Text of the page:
Now the Raiders’ VP of technology, Matthew Pasco spent four years researching ways to equip the team’s next stadium with the latest in wireless, cellular, and display technology, and Allegiant features gear released just last year supporting the new Wi-Fi 6 standard. 1,700 Wi-Fi access points eliminate wonky spots in the bowl, and cellular 5G gets innovative support. The technologically advanced environment includes 2,200 TV screens and videoboards, and it’s prepared to handle augmented reality glasses and virtual reality helmets.

When it comes time for fans to visit Allegiant, they’ll be able to use a Raiders app to guide them to a parking space, check concession wait-times, order food from their seat, and upgrade their seat. The stadium has also stepped into the future on the payment front. At season’s start, Allegiant was America’s first totally cashless pro sports venue.

Back in 2016, as the stadium’s controversial funding deal came together (the city and state signed off on a subsidy of $750 million, bonded out over 30 years, to be paid for by a hotel room tax of just under one percent—the biggest-ever public investment in a U.S. sports stadium), funding advocates projected 20,000-plus tourists crowding into Allegiant every game, drawn by a chance to visit Sin City and to enjoy NFL football in a dazzling, futuristic showcase.

Is this in the cards? We should know better in 2021.

2. SoFi Stadium: The Landscape Artist

SoFi Stadium
SoFi Stadium | Courtesy of HKS

Bankrolled by Rams owner Stan Kroenke, cofounder of Home Depot, dreamy SoFi Stadium features its own artfully transformed terrain, with part of that land inside the low-slung structure, roofed by a translucent canopy. Its proximity to Los Angeles International Airport helped dictate a distinctive feature—its football field sits a hundred feet below ground.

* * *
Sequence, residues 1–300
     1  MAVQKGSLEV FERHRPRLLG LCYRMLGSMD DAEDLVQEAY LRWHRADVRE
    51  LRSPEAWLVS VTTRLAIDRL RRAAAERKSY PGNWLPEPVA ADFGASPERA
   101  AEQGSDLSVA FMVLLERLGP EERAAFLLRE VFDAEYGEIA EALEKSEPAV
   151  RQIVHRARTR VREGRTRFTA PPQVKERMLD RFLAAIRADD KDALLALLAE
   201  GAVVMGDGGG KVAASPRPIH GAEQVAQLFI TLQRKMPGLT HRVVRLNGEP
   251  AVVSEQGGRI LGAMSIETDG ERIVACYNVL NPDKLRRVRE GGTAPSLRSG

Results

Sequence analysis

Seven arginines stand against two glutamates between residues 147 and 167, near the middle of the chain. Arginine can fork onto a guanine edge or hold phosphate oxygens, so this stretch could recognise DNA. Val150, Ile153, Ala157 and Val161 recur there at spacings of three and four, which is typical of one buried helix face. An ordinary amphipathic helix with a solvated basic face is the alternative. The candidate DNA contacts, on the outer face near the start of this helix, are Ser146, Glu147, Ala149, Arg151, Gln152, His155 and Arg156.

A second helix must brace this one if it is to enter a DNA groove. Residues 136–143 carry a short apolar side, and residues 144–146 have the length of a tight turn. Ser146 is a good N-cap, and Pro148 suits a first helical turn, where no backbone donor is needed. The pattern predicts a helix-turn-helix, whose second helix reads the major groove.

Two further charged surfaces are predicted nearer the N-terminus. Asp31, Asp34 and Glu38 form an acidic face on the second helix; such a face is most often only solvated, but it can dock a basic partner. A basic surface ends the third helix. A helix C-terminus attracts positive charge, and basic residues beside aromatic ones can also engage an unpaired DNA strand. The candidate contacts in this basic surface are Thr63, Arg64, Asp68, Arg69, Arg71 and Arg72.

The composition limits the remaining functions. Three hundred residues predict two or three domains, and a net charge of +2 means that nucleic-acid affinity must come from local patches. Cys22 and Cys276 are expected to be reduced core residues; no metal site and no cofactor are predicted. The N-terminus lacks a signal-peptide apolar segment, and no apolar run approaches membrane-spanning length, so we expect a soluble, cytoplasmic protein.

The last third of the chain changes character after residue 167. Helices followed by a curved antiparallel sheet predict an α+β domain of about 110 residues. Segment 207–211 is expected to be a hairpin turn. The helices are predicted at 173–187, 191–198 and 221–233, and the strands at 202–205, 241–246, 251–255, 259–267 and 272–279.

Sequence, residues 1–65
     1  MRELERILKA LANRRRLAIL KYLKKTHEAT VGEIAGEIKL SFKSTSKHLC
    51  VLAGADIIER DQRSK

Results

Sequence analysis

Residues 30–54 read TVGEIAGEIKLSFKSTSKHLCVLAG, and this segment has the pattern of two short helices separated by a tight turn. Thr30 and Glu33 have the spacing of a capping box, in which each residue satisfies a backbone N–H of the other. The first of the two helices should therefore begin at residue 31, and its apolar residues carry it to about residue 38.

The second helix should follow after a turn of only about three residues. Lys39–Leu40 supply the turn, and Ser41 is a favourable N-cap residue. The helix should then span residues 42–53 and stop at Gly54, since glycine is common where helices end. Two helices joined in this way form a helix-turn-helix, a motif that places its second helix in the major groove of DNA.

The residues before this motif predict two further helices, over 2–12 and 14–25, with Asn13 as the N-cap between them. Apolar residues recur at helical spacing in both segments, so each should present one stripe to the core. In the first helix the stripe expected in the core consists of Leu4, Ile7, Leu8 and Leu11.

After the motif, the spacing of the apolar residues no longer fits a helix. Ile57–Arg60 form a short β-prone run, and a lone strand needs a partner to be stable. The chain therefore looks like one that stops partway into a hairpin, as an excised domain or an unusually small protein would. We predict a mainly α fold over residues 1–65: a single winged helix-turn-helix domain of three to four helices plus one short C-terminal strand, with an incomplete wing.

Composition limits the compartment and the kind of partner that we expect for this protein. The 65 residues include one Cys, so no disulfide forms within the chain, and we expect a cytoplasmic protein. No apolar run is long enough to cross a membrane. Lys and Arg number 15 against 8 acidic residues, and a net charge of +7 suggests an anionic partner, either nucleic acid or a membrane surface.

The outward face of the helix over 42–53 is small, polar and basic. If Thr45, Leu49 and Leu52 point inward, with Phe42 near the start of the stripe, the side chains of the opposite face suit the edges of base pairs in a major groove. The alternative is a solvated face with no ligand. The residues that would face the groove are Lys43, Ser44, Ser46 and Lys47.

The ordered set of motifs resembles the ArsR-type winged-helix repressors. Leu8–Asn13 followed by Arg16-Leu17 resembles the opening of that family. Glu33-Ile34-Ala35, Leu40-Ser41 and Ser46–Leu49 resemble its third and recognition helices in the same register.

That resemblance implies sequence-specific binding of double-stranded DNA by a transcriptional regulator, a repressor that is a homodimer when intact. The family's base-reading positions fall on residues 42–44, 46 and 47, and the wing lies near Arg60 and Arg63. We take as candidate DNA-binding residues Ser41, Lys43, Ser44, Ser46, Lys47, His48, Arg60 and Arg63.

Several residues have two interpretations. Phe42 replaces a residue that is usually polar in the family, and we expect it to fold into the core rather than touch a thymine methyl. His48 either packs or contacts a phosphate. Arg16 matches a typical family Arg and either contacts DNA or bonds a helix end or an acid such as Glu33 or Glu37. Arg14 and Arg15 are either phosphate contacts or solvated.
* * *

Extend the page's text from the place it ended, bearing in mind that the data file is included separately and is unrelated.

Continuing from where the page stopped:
SoFi Stadium's canyon stairs.
SoFi Stadium’s innovative canyon stairs. | Photographer: Kush Parekh | Courtesy of Studio-MLA
SoFi Stadium's below-ground field.
SoFi Stadium’s unique below-ground field. | Courtesy of HKS

Fans will descend into the bowl via meandering terraced trails planted with canyon-evoking trees and plants. SoFi pioneered the country’s first indoor-outdoor stadium design, and shines forth from an urban planning perspective by committing a portion of its sprawling site to a 25-acre public park, a 5.5-acre lake, and a 2.5-acre public plaza.

Aloe plants? A Mediterranean biome? An arroyo? Never has a sports stadium so availed itself of a landscape architect’s vision (Mia Lehrer of Studio-MLA). The Inglewood tract, when fully developed, will also feature retail, office space, residential units, and a hotel.

3. Mercedes-Benz Stadium: The Sustainability Leader